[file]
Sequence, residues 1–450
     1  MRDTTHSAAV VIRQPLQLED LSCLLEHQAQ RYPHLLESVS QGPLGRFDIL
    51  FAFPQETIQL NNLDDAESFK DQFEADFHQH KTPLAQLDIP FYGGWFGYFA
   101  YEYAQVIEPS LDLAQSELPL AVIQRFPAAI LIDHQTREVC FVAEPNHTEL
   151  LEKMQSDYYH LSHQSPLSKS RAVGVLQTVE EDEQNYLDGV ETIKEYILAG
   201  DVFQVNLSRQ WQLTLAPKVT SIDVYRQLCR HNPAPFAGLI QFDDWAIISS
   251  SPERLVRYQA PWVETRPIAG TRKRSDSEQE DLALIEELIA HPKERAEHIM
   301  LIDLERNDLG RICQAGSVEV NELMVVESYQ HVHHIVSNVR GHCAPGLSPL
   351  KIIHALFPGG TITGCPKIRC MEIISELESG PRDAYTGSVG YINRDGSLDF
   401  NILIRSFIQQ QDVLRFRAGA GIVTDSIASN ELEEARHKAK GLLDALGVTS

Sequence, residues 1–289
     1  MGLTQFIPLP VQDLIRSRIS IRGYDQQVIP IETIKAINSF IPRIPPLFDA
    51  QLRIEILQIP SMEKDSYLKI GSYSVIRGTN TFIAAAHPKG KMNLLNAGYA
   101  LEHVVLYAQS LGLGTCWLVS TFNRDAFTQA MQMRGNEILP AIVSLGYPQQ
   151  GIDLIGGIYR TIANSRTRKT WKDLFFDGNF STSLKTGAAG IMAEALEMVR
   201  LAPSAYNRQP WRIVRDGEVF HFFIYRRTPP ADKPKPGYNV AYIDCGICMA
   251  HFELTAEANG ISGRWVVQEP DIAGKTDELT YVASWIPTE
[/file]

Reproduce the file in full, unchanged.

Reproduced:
Sequence, residues 1–450
     1  MRDTTHSAAV VIRQPLQLED LSCLLEHQAQ RYPHLLESVS QGPLGRFDIL
    51  FAFPQETIQL NNLDDAESFK DQFEADFHQH KTPLAQLDIP FYGGWFGYFA
   101  YEYAQVIEPS LDLAQSELPL AVIQRFPAAI LIDHQTREVC FVAEPNHTEL
   151  LEKMQSDYYH LSHQSPLSKS RAVGVLQTVE EDEQNYLDGV ETIKEYILAG
   201  DVFQVNLSRQ WQLTLAPKVT SIDVYRQLCR HNPAPFAGLI QFDDWAIISS
   251  SPERLVRYQA PWVETRPIAG TRKRSDSEQE DLALIEELIA HPKERAEHIM
   301  LIDLERNDLG RICQAGSVEV NELMVVESYQ HVHHIVSNVR GHCAPGLSPL
   351  KIIHALFPGG TITGCPKIRC MEIISELESG PRDAYTGSVG YINRDGSLDF
   401  NILIRSFIQQ QDVLRFRAGA GIVTDSIASN ELEEARHKAK GLLDALGVTS

Sequence, residues 1–289
     1  MGLTQFIPLP VQDLIRSRIS IRGYDQQVIP IETIKAINSF IPRIPPLFDA
    51  QLRIEILQIP SMEKDSYLKI GSYSVIRGTN TFIAAAHPKG KMNLLNAGYA
   101  LEHVVLYAQS LGLGTCWLVS TFNRDAFTQA MQMRGNEILP AIVSLGYPQQ
   151  GIDLIGGIYR TIANSRTRKT WKDLFFDGNF STSLKTGAAG IMAEALEMVR
   201  LAPSAYNRQP WRIVRDGEVF HFFIYRRTPP ADKPKPGYNV AYIDCGICMA
   251  HFELTAEANG ISGRWVVQEP DIAGKTDELT YVASWIPTE